Trump continues: “I think we should tax Chinese products until such time as it equalizes… I’m a protectionist when another country is making hundreds of billions of dollars a year of essentially profit off the United States.” Obama “shouldn’t be having dinner with Hu. Obama should say, ‘Before we have our dinner, I want you to straighten out the mess.’”

    Trump also blames China for being insufficiently persuasive with North Korea, which has been rattling sabers at South Korea and pursuing nuclear weaponry, and he blames Obama, ultimately, for not insisting that China tighten the screws. “Excuse me, there’s another example. They haven’t done anything with respect for North Korea. They can solve the North Korean problem with a phone call.”

    Speaking of Korea, Trump argues that the United States should demand hard cash from South Korea for protecting them from the belligerent North. “They only signed a [trade] treaty when they needed our help—even though it was a one-sided treaty in their favor,” Trump says. “They only sign when the bombs start getting lobbed onto them and we start sending our aircraft carriers to protect them… It’s absolutely ridiculous. Why are we protecting them? They’re making hundreds of billions of dollars off the United States yearly. Why aren’t they paying us for protection?”

    Ditto the Organization of the Petroleum Exporting Countries, which regulates world production levels and prices for oil. “Somebody’s got to speak to OPEC in the strongest of language,” Trump says, “because you cannot have an economic recovery if every time the country starts doing better, they raise the price of oil. That’s like raising interest rates. That’s the ultimate deterrent.”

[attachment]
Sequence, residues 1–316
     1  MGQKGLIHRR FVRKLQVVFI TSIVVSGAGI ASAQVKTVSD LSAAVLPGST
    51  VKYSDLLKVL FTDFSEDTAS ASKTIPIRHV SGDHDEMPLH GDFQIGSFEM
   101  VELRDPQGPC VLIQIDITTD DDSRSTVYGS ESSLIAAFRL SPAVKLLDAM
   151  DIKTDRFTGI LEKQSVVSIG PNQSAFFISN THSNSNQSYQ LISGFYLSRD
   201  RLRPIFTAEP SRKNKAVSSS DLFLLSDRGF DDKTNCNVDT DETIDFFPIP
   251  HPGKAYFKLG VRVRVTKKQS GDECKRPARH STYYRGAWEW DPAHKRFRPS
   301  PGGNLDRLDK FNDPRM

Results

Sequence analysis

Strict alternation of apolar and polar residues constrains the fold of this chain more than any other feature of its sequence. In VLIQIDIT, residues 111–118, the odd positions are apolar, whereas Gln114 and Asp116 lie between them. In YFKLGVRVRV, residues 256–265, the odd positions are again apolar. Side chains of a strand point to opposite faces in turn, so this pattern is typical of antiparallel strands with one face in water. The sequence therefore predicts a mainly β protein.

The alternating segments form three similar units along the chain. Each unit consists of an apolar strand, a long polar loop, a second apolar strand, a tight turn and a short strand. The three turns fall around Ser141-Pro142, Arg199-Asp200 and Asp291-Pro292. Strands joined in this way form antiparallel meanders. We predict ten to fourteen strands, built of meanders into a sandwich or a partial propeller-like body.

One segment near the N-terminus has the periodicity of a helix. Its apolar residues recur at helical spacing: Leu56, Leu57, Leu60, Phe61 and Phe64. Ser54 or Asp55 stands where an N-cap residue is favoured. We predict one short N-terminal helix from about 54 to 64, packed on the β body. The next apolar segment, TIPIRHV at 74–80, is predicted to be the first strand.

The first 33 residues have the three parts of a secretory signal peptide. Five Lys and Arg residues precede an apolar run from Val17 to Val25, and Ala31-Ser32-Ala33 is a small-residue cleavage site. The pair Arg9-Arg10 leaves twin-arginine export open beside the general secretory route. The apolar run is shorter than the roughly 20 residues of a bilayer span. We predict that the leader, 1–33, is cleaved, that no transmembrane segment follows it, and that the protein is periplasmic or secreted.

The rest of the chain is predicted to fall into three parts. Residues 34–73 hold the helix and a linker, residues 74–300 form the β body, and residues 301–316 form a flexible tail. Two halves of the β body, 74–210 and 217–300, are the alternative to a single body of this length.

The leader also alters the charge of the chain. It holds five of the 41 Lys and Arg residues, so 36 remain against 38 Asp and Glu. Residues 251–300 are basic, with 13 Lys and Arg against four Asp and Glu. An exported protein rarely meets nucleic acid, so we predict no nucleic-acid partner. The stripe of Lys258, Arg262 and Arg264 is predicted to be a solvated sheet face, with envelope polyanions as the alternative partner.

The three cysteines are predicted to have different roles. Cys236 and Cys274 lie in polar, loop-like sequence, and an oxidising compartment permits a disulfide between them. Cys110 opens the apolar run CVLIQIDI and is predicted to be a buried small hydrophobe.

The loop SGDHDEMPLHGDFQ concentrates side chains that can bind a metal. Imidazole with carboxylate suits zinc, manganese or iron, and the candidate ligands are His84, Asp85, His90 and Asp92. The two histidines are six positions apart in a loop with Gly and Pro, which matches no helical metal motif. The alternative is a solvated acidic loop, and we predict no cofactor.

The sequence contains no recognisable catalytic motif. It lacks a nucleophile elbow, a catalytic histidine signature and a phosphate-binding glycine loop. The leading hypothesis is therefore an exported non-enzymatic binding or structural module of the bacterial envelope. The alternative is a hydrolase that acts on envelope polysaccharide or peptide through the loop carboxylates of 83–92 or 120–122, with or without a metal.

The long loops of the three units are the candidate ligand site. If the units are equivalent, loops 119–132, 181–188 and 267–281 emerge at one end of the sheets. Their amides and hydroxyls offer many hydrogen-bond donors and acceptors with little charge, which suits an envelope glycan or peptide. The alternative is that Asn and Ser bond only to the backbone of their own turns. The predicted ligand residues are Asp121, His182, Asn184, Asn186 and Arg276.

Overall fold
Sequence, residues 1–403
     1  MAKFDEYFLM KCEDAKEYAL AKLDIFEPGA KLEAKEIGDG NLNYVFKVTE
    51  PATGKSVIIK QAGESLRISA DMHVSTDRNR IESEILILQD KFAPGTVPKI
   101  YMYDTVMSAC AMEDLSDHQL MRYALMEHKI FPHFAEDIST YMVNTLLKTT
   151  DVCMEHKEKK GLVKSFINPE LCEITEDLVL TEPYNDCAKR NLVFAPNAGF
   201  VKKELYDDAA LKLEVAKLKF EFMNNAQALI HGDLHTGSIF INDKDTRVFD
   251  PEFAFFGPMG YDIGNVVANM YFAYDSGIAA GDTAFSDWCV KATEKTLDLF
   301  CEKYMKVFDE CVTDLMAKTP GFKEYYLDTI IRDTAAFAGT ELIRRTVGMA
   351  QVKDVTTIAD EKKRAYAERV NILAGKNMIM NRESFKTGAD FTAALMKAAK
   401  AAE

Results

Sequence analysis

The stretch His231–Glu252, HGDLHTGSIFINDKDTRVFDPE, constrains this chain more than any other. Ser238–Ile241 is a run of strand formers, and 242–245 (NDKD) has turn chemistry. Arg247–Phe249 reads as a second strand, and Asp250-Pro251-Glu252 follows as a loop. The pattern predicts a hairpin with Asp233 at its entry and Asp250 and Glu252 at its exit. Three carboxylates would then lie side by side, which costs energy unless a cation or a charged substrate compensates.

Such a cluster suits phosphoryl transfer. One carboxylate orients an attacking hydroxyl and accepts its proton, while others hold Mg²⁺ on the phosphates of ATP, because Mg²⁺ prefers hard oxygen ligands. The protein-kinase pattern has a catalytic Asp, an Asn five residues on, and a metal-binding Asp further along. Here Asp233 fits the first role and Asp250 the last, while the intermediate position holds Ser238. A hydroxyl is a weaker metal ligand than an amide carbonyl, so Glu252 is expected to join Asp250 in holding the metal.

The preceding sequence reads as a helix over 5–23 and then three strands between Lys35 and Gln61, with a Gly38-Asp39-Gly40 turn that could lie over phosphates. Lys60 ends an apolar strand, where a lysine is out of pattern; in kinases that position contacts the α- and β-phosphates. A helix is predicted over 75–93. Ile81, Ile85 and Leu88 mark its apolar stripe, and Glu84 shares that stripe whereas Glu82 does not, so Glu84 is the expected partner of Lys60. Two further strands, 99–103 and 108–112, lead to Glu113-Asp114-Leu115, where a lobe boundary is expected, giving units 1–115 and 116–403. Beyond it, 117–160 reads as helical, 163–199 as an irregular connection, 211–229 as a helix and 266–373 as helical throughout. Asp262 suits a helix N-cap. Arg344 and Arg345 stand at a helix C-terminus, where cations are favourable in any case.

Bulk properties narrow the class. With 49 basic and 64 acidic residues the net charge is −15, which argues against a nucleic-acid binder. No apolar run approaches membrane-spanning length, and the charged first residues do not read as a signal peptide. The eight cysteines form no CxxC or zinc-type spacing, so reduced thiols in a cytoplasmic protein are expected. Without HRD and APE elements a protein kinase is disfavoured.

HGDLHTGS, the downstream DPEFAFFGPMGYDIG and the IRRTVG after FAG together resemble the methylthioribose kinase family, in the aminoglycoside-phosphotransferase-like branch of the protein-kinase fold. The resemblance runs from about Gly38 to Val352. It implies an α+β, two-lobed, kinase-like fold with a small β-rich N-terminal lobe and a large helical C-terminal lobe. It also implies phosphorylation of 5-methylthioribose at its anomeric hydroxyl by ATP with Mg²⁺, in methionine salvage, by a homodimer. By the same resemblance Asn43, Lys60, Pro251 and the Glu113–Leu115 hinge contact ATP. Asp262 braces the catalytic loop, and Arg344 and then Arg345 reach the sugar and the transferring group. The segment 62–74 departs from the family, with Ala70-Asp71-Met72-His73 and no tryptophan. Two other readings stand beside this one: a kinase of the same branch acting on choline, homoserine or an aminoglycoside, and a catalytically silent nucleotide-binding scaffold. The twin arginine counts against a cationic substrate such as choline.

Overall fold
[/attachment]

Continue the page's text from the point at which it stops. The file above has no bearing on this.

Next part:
Trump says that if he were president, he would simply tell the 12-country cartel that they aren’t going to raise prices “and they would listen… We have tremendous leverage. OPEC wouldn’t even be there if it wasn’t for us. Namely, we protect them.”

    As for Afghanistan and Iraq, Trump claims he has “a strong opinion” about what the U.S. should be doing there, but he’s not ready to share it. “I’m saving that for later.” Perhaps with an eye toward Republican primary politics, where social conservatives hold sway, he refuses to say whether he supported the repeal of the Pentagon’s Don’t Ask, Don’t Tell policy that excluded avowed gays and lesbians from military service.

    “I don’t applaud it or not applaud it—I think it was something that was inevitable,” Trump says of the repeal. “It was something that was going to happen, and my attitude is, if the generals are happy with it, that’s good. But you know, it’s a completed assignment, and a lot of Republicans were in favor of it.”

    In a rare instance of praise for Obama, Trump applauds last week’s appointment of former Clinton-era Commerce Secretary Bill Daley as White House chief of staff—but for reasons that might be described as parochial. “I like the appointment of Bill Daley,” Trump says. “I like him. He has good taste, because he lived in one of my buildings in Manhattan.”

    On the family front, Trump says his three adult children—Donald Jr., Ivanka, and Eric—are bullish on his possible entry into presidential politics. “I have a great business and it’s doing the best it’s ever done,” Trump tells me, “but the advantage I have is three children in the business that are extremely competent and doing a great job. So that’s a big help.”

    As for his third wife, the Slovenia-born former Melania Knauss, 40, Trump says: “She’s fine with my decision. I think she’d be an amazing first lady. She’d be a first lady of unbelievable beauty and elegance.” And, I point out, America’s first Slovenian first lady. “Yeah, but she’s a citizen of this country now,” Trump says. “She’s very smart, and she would represent the country well.”